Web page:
This is really for fun. I want to show off some of the things I have done with QRP. Technically speaking, QRP means "reduce power" but over the last few years it has become synonymous with low power operating. Today the definition of QRP operation is a maximum of five watts of output power. I think it goes beyond that however. I believe QRP is a "way of thinking." QRP ops I know today embody the spirit of Ham Radio I learned over 35 years ago when I first got started. The very nature of low power operation makes everyone a better operator if they are going to succeed. Not only that, I think QRP ops tend to be friendlier and more helpful to their fellow operators. This is my soapbox, so that doesn't mean everyone agrees.
Now that I am off the soapbox, here is a picture of the Wilderness Sierra I built a couple of years ago. This rig was originally designed by Wayne, N6KR as a NorCal project, then produced commercially by Wilderness Radio. It is a multi-band rig with plug in modules for each band. I think it is the best of the home built rigs on the market today.
Here is a closeup of one of the modules without its cover. Yes, winding all of those toroids does take patience.
One of the reasons I started in QRP was to take a rig along when I go camping with my Scouts. The rig I usually take camping is the Small Wonder 40 by Dave Benson, NN1G. This rig is also known as the NE 40-40. Here is the way I built mine. Since it comes without a case so you can package it any way you like.
As you can probably tell by now, I like to build things. Here it the first set of paddles for QRP operation I built. The original design is by Floyd, NQ7X. These are called the Mini-mag Paddles and they are a real gem. I used aluminum for mine instead of brass like Floyd specified. That is a great part of homebrewing, you can use whatever works for you.
Those paddles were built to go with an electronic keyer. The one I built is the Island Memory Keyer. I haven't quite finished it. I still need to do the lettering. You should see the stack of projects on my workbench. Here is the partially completed keyer.
This is a picture of my Sierra, the Island Keyer, and my Vibroplex Paddles. I used this setup for the first time a few nights ago and worked the infamous Fox, of QRP-L fame.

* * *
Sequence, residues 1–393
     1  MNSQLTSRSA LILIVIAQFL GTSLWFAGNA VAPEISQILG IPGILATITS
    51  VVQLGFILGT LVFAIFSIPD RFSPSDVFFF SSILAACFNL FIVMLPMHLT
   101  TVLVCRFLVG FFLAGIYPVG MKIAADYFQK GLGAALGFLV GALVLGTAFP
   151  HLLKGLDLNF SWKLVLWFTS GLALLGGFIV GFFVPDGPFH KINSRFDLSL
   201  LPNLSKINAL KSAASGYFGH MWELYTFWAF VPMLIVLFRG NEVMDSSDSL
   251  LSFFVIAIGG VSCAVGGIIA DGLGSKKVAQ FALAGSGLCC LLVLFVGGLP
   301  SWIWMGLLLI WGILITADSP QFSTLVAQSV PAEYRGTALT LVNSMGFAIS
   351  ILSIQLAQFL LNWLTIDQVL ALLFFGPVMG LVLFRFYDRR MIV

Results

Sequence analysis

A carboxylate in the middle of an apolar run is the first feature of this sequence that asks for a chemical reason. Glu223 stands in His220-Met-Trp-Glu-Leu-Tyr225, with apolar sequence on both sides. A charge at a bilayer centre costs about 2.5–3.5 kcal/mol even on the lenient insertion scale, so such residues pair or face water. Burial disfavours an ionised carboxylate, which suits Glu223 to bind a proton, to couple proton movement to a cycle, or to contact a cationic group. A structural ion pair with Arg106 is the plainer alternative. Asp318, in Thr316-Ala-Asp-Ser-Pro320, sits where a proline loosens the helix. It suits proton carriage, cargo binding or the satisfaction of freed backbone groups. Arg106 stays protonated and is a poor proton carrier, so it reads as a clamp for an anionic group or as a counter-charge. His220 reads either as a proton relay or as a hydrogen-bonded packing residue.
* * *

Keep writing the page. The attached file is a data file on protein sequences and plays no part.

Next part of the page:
You may have noticed I said "first set of paddles" for QRP operation. I am currently building a set of NorCal/K8FF paddles. You can check them out on the Norcal page. They look great, and I put them on the air last night (Jan 8, 1998). No takers, but that wasn't the paddles fault. I am showing these off at an upcoming Home Built night. Since I took this picture I have finished the plastic paddles. I will get a picture of the totally finished item soon!
One of the more interesting contacts I have made while running QRP is with the CIA special event station. Yes, the CIA was celebrating its 50th Anniversary in September. I managed to work NN50CIA on 30 meters. This is their QSL card.
All of the opinions about rigs are mine, I don't have an affiliation with any of these folks (other than being a NorCal member). Just a satisfied customer!
A late news flash. Under the Christmas tree was a Ten-Tec Argonaut 509. This is one of the classics of QRP rigs. I used the Argonaut 509 during the FYBO QRP contest sponsored by the Arizona ScQRPions in Feburary. I stayed home but it was a lot of fun. The highlight for me was working Hawaii on 15 meters! Nice to have that band open again. Come on sunspots!!
You may have noted my comments earlier about PSK-31 being a great low power mode. It certainly has attracted a lot of attention from the QRP crowd. One of my favorite contacts on this mode has been working Bill, K4BX in Tennessee on 80 meters. He was running 5 watts from his Elecraft K2, QRP rig. Great signal here in Colorado.
Here are a few of my favorite QRP sites you might want to look at. There are certainly far too many good ones for me to list all of them here.